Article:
Making positive changes in your organization is about more than fancy methodologies and technology — it’s about the people: both your employees and your customers. BPI began implementing continuous improvement initiatives to boost customer service in 2021 – learn from BPI’s key takeaways on instilling trust among your team, putting your customers first, and making continuous improvements.



Why Did BPI Work to Improve Their Business Operations?

BPI recognized that there were outdated internal processes that needed updating. Close examination of systems revealed outdated practices that had to be revamped if BPI was going to continue meeting customer needs. Following an internal review, more dynamic and fluid processes were introduced, fostering continuous improvement for BPI. In time, these shifts, not without challenge, created positive change for the company. Below, learn more about the steps BPI took, and the complications they overcame, to bring better service to their customers.


BPI’s First Step Toward More Efficient Processes

When BPI began its journey toward process improvement, the company first acknowledged that every branch had different operating procedures, and a need for standardization. In many cases, BPI relied solely on employee knowledge to carry out day-to-day operations. While it’s true that team members must understand the ins and outs of their systems to be successful, knowledge alone is not scalable, especially when the organization has more than one location. Because of this, BPI aimed to make business operations consistent throughout the organization.


How BPI Improved Their Primary and Support Processes

BPI decided that to optimally improve their processes, they would need to invest heavily in their employees. With internal systems differing from location to location, employee buy-in was necessary to shift operations to a one size fits all model that could be replicated between locations.

Once BPI gained employees’ trust and willingness to change, the company shifted its focus toward how system improvements could benefit their customers. The company understood that delivering value to their customers through operational excellence would require a clear, customer-centric purpose.

Purpose and Value Mapping

For BPI, the company’s purpose was to provide the best possible service and products to customers when they need them. This required continuous discussion and evaluation on how each of their processes added value to the customer. If a process offered no value, it was eliminated; if it delivered high value, it was reinforced.

For example, the company identified decking as a major problem area. Too much product was incurring damage during delivery. To address this problem, BPI mapped the value stream by working backward. This inverse path included the following basic steps:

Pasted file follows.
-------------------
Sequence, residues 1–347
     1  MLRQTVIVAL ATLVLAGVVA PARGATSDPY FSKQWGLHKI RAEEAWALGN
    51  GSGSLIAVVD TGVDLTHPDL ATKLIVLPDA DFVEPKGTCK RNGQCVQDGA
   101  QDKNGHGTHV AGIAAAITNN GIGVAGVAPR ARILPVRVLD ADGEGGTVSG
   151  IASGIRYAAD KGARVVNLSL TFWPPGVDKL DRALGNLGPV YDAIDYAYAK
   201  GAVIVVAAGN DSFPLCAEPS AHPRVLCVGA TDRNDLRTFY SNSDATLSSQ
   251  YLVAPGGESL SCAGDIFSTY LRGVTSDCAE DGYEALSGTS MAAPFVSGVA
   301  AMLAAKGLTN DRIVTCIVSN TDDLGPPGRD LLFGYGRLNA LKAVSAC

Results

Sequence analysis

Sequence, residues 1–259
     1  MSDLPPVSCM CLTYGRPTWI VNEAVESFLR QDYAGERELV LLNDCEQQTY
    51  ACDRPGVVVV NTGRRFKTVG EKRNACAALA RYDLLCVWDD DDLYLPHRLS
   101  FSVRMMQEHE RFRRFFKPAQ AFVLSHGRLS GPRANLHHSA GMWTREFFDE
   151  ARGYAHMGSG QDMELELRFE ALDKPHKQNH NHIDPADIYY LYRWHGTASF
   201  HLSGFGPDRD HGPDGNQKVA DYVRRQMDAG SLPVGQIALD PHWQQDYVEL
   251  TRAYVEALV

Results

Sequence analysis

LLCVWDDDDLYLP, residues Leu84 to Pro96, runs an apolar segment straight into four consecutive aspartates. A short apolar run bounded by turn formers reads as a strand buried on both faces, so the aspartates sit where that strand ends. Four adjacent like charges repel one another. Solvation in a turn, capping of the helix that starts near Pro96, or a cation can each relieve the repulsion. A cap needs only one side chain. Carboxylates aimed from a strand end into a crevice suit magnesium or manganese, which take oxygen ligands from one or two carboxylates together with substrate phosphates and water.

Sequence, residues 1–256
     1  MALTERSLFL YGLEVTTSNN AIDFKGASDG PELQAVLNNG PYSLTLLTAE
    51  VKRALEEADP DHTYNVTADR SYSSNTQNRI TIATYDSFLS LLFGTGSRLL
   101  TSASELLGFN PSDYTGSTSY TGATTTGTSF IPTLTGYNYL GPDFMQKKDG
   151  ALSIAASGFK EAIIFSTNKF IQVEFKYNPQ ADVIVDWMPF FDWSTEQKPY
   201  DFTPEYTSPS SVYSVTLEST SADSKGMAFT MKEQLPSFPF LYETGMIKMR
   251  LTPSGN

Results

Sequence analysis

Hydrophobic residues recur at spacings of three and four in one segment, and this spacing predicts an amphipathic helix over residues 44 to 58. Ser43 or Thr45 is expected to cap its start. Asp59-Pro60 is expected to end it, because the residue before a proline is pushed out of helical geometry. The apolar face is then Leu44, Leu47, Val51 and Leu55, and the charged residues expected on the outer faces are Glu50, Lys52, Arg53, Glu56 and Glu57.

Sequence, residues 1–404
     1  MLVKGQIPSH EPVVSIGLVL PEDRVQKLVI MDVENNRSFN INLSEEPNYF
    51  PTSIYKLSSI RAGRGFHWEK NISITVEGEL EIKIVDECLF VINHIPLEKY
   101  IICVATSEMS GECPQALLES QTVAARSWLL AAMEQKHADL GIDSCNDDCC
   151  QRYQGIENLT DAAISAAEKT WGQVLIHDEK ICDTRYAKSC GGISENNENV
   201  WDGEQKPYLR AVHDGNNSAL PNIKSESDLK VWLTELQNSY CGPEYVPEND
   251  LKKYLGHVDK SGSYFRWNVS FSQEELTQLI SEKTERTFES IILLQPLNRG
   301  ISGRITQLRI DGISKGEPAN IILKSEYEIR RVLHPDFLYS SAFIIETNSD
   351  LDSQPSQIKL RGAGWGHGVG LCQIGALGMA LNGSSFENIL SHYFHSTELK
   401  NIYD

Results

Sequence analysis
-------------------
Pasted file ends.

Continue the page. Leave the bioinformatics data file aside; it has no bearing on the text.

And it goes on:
• Items are received by the lumberyard or dealer
  • Items move through BPI’s delivery, staging, and picking systems
  • Items are stored at BPI and stock is replenished in a particular way
  • Items are unloaded from suppliers’ trucks at BPI
  • Items are delivered to BPI from suppliers

Each step of the process was analyzed for ways to improve quality, efficiency, and consistency. Working backward revealed that one of the main sources of damage was the result of poor packaging. Patrick Dinneen, BPI’s Sioux Falls Market Manager, recalls, “we implemented a new packaging process for decking. When we break a bundle, every piece of decking has to be wrapped, no exceptions. We also started labeling everything so that when the customer receives it, they know exactly what the product is and where it should go in their lumberyard.” This greatly reduced the amount of damaged product BPI’s customers received and also lowered the number of credits being issued. It was truly a win-win scenario!

While poor packaging was one of the biggest pain points BPI’s customers were experiencing, working backward through the value stream also outlined how disorganization in their warehouses was causing shipping delays.

Warehouse Organization


BPI also reset its warehouse processes and organization, allowing for better flow, to guarantee every order is picked and shipped the day the customer needs it. Warehouses were divided up into staging zones, much like UPS or FedEx but on a smaller scale. This change enabled BPI to get products ready to load on its trucks much faster and ensured greater order accuracy.

Encouraged by the success of the above-mentioned continual improvement initiatives, BPI looked for ways to foster more ideas that optimized efficiency. To create new ideas, they began performing routine Gemba walkthroughs of their warehouses.

Continued Improvement